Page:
On Trajal Harrell
What would it look like if the exotic and seductive belly dance-like spectacles of the late 19th century teamed up with your favourite playlist? The Museum of Modern Art Associate Curator Ana Javenski explores the career and inspirations of dancer and choreographer, Trajal Harrell ahead of the first UK survey of his work.
In 1999 Trajal Harrell performed at Judson Church in New York, a three minute piece with a very long title: It is Thus From a Strange New Perspective That We Look Back on the Modernist Origins and Watch It Splintering into Endless Replication. It is the last line of an essay by the American art historian and critic Rosalind Krauss in the book The Originality of the Avant-Garde and Other Modernist Myths. Harrell walked, paused and gazed, while a small CD player was playing Yazoo's Ode to Boy. This marked the beginning of the artist's ongoing exploration of hypothetical hybrid of movements among postmodern dance, fashion and voguing.
Before coming to New York in 1998, Harrell enrolled in a drama club in junior high and high school in his hometown in Georgia, USA. He then went to Yale where he was involved in drama and theatre, but he soon realized that he wanted to work through his body rather than speak on stage; so he started studying dance.
After graduating, at the end of the 90s, he came to New York and connected with Movement Research, a dance organization based in Judson Memorial Church in New York's West Village, at 55 Washington Square South. Between 1962 and 1966 - the church hosted a community of artists, choreographers, filmmakers and musicians who indelibly reshaped the aesthetic and political stakes of art-making in the 1960s. The performances were organized in the basement of the church, titled Concerts of Dance, in which participants could present unfinished work to one another and explore a series of movement strategies, inductively and collectively, and included performances by Yvonne Rainer, Steve Paxton, Trisha Brown, Deborah Hay, Alex Hay, Fred Herko, Elaine Summers, David Gordon, Valda Setterfield, and many others. Judson's task-based performances constructed dances as completions of simple, discrete actions upon a given readymade object and pedestrian movements.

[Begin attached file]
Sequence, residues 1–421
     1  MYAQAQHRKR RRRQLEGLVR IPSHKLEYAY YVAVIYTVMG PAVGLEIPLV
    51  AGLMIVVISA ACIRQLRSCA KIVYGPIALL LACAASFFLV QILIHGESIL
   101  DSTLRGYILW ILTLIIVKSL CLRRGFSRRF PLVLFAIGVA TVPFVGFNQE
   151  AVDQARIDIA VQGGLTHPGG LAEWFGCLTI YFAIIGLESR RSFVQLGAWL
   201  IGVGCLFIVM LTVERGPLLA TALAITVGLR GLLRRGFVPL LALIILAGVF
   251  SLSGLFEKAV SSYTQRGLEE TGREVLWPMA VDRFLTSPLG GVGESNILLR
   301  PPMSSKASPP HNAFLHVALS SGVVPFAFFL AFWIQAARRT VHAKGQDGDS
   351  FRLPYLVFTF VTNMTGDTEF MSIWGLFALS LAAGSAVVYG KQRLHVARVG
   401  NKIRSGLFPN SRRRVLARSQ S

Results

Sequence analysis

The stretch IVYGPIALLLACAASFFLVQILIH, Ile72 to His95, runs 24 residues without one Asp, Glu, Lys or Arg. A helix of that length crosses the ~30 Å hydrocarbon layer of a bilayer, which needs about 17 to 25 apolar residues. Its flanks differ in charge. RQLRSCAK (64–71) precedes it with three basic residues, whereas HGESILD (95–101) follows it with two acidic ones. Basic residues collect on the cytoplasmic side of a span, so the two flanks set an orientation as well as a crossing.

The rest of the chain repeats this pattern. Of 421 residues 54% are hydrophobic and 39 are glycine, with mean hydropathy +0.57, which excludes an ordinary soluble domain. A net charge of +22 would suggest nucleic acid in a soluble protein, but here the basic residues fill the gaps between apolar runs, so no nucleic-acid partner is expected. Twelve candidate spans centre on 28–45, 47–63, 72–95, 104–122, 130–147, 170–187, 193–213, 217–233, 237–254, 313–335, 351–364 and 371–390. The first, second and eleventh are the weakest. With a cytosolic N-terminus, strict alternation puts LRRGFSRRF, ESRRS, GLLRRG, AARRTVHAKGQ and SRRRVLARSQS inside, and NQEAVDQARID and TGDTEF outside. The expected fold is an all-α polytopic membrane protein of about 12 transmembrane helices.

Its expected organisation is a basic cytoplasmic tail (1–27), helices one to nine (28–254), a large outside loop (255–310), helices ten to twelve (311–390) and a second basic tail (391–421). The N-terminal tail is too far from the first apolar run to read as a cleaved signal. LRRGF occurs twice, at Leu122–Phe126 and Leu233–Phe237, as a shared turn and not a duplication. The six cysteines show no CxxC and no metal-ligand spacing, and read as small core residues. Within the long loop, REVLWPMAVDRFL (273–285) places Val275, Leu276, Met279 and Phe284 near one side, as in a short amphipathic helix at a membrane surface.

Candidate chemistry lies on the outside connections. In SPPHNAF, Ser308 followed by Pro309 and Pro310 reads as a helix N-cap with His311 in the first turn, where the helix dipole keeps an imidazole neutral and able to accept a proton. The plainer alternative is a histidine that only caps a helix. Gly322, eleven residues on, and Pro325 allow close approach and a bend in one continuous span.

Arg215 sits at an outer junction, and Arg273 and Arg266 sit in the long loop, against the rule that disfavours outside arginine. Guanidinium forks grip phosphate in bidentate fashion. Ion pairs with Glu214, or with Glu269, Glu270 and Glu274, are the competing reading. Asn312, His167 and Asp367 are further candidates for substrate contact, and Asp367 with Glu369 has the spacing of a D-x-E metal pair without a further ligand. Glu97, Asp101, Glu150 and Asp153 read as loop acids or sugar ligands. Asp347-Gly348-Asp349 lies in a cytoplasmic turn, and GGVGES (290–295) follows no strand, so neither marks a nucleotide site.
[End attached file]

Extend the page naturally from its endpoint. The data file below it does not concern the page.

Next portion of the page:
Walking, standing and gazing were the Judson foundations in Harrell's early piece, but soon he became interested in fashion shows and voguing balls. Harrell was fascinated by elaborate productions of fashion shows and the performativity of runaway movements. He understood fashion as a way of thinking about how we relate to clothes and the body.
The voguing balls in Harlem provided another model of performance structure, rooted in the counter culture of drag dance competitions, with elaborate rituals and codes, in which contestants, adhering to a very specific category or theme, must ‘walk’ (much like a fashion model's runway) and are subsequently judged by criteria including the ‘realness’ of their drag, the beauty of their clothing and their dancing ability.
From Twenty Looks or Paris is Burning at the Judson Church S . Photo: Karl Rabe